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Yanomami Tribe

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    World Affairs
  • Published
    8th Sep, 2020
  • Since the 1980s, the Yanomami have been facing an onslaught from illegal gold miners.
  • The Yanomami live in the rainforests and mountains of northern Brazil and southern Venezuela, and are the largest relatively isolated tribe in South America.
  • The Yanomami are believed to have crossed the Bering Strait from Asia into North America perhaps 15,000 years ago, and travelled southward to their home in the Amazon.
  • The Yanomami practise an ancient communal way of life. They live in large, circular houses called yanos or shabonos, some of which can hold up to 400 people.
  • Rituals, feasts and games are held in the main, central area.
  • Each family has its own hearth where food is prepared and cooked during the day. At night, hammocks are slung near the fire which is stoked all night to keep people warm.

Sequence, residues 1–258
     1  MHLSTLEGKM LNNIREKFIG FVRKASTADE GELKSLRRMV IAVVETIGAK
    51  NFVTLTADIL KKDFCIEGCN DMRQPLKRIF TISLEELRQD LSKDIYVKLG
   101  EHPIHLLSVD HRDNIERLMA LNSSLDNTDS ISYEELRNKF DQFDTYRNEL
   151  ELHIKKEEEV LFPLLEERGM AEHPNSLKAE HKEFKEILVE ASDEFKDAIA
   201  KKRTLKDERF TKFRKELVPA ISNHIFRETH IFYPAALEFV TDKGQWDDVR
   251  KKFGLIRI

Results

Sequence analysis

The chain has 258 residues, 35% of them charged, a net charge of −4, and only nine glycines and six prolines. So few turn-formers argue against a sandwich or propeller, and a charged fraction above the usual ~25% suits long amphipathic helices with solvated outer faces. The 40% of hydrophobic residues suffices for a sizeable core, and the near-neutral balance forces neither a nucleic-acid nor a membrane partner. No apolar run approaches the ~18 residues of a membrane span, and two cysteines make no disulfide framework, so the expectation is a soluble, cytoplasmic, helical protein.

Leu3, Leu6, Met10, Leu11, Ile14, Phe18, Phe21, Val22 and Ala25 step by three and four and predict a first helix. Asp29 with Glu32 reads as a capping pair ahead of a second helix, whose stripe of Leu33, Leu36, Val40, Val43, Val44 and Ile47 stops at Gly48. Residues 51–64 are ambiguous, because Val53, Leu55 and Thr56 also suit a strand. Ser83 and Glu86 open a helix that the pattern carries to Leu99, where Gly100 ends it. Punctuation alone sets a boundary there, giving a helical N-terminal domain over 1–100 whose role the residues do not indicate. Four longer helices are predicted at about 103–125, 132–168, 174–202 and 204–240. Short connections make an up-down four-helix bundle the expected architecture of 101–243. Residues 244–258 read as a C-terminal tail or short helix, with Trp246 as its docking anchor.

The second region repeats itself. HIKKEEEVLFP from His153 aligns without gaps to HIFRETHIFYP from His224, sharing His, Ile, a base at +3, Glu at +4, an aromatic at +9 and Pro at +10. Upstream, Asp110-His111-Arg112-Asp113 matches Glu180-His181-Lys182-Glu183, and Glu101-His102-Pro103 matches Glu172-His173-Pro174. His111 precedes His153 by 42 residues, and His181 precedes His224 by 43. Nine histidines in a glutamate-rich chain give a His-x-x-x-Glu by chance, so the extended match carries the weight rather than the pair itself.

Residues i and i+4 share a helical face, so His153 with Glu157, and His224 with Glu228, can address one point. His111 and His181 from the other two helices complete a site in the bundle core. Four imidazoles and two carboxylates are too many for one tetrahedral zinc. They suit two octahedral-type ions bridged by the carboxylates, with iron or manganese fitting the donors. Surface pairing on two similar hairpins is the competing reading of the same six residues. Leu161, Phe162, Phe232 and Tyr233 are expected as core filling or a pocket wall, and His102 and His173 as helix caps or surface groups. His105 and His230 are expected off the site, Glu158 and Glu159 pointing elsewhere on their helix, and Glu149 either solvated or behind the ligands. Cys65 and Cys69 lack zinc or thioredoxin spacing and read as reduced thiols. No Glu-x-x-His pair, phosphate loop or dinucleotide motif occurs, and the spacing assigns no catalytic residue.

• A hunter in Yanomami does not eat the meat he has killed. He shares it out among friends and family. In return, he will be given meat by another hunter.
  • The Yanomami consider all people to be equal, and do not have a chief. Instead, all decisions are based on consensus after long discussions and debates.
  • A third of the gold produced in Brazil is sold as jewellery in India and China.
  • India was the fourth largest importer of Brazilian gold in the world.

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